If you have been charged with an aggravated DUI, you should immediately contact a skilled Joliet aggravated DUI defense attorney . Contact the Law Offices of Jack L. Zaremba, P.C. to determine your best course of action for your case. Attorney Jack Zaremba is a former Will County prosecutor who has extensive experience with DUI cases. To schedule a free consultation, call the office at 815-740-4025

Common Terms in Criminal Court

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When you are facing criminal charges , there is a lot of uncertainty you will have to deal with. If you are like most people, you probably do not know the intricacies that come with a criminal trial, or how the courts operate. You probably are not familiar with many legal terms that are used both inside and outside of the courtroom when it comes to criminal trials. The following list of terms can help you understand what is going on when you do find yourself in the midst of a criminal proceeding :

Acquittal: This is the outcome that is most favorable with criminal cases - if you are acquitted, you were not found guilty because the evidence against you was not sufficient for a conviction.

Affidavit: This is a written statement, which must be confirmed by oath by the party who is giving the statement. An affidavit must be notarized by an officer of the court to be valid. In criminal cases, an affidavit often contains evidence, such as an alibi.

Appeal: An appeal is a request to have the case re-examined by a higher court to determine whether the outcome of the original case was correct. In criminal cases, an appeal is usually asked for when the defendant believes improper procedure was used or the law was not interpreted correctly.

Bail: Often in the form of money, bail is the release of the person accused of a crime before he or she goes to trial and the promise that they will appear in court when they are required to do so.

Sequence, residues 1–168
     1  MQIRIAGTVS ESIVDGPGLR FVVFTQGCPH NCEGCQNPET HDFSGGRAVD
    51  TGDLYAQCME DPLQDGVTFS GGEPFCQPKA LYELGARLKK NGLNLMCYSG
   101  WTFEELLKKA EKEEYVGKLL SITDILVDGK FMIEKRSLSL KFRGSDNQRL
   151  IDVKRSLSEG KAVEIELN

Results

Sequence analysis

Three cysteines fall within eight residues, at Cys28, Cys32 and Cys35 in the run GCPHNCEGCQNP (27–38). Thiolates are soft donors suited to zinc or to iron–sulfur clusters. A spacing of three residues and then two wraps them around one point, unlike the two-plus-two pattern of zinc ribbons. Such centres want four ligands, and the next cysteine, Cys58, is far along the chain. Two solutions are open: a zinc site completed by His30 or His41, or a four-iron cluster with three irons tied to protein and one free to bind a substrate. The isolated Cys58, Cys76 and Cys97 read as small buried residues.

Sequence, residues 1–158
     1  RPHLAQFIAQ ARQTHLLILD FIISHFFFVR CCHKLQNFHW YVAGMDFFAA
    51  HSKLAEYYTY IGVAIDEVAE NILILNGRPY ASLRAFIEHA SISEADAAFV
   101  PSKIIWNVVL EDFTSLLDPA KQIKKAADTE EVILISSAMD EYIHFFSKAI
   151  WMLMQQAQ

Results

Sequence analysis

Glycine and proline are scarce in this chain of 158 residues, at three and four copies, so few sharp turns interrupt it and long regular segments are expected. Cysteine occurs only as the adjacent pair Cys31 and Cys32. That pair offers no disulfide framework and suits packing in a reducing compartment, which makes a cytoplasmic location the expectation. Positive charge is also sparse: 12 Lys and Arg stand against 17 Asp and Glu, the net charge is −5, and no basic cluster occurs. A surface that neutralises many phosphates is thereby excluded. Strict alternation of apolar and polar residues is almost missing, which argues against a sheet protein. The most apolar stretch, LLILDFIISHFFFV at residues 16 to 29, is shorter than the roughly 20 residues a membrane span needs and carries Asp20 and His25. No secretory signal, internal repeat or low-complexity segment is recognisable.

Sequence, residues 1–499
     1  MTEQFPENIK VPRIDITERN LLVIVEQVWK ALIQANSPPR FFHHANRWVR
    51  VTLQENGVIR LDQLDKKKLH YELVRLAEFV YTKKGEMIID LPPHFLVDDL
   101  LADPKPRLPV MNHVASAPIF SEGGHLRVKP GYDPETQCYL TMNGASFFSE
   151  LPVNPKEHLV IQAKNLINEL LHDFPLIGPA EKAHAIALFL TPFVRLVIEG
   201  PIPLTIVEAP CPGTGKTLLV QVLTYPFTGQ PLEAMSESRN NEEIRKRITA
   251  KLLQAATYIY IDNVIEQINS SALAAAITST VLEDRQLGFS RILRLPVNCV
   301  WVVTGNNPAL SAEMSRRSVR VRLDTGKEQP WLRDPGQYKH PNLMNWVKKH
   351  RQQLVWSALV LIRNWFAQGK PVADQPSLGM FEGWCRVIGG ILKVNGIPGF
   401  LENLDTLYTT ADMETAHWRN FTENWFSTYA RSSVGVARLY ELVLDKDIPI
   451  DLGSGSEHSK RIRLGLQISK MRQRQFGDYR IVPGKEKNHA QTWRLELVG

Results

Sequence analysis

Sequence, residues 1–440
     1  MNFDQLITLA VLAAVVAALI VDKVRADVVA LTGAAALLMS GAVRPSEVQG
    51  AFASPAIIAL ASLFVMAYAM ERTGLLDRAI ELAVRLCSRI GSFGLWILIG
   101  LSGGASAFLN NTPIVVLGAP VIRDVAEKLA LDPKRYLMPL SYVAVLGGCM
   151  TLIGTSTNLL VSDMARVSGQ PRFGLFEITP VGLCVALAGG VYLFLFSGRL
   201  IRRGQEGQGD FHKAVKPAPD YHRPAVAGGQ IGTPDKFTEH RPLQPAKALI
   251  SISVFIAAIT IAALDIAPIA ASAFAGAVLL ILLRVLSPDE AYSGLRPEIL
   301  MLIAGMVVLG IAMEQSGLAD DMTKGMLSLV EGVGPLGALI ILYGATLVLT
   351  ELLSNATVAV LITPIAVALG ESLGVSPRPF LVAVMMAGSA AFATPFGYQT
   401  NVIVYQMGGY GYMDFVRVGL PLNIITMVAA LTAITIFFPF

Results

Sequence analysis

Conviction: A conviction means that the defendant was found guilty of the crime typically after a trial on the merits.

Felony: A felony is a crime that carries a sentence of one year in prison or more. These crimes are usually more serious, such as murder, vehicle theft, aggravated assault, and multiple DUI convictions.

Plea Deal: Also called a plea bargain, a plea deal is an agreement between the defendant and prosecutor in which the defendant pleads guilty in exchange for a more favorable outcome. This can be lesser charges, a dismissal of charges, or a lesser sentence.

Probation: Often used as an alternative to prison time, probation is the agreement that a person will obey certain rules after they are convicted of a crime in exchange for being able to live in the community.

Warrant: Warrants are written orders that can allow a police officer to arrest a suspect or search an area. Search warrants require probable cause before they can be issued.

Get Help From a Joliet Criminal Defense Attorney

If you are facing criminal charges, you may be confused about all of the legal jargon that your lawyer, judge or prosecutor is using. In order for you to best help yourself, you should try to familiarize yourself with the terms that are commonly used in criminal cases. A knowledgeable Will County criminal defense lawyer can help you understand these terms. The Law Office of Jack L. Zaremba, P.C. will help you throughout your trial and fight for your freedom, no matter the charge. To schedule a free consultation, call the office at 815-740-4025.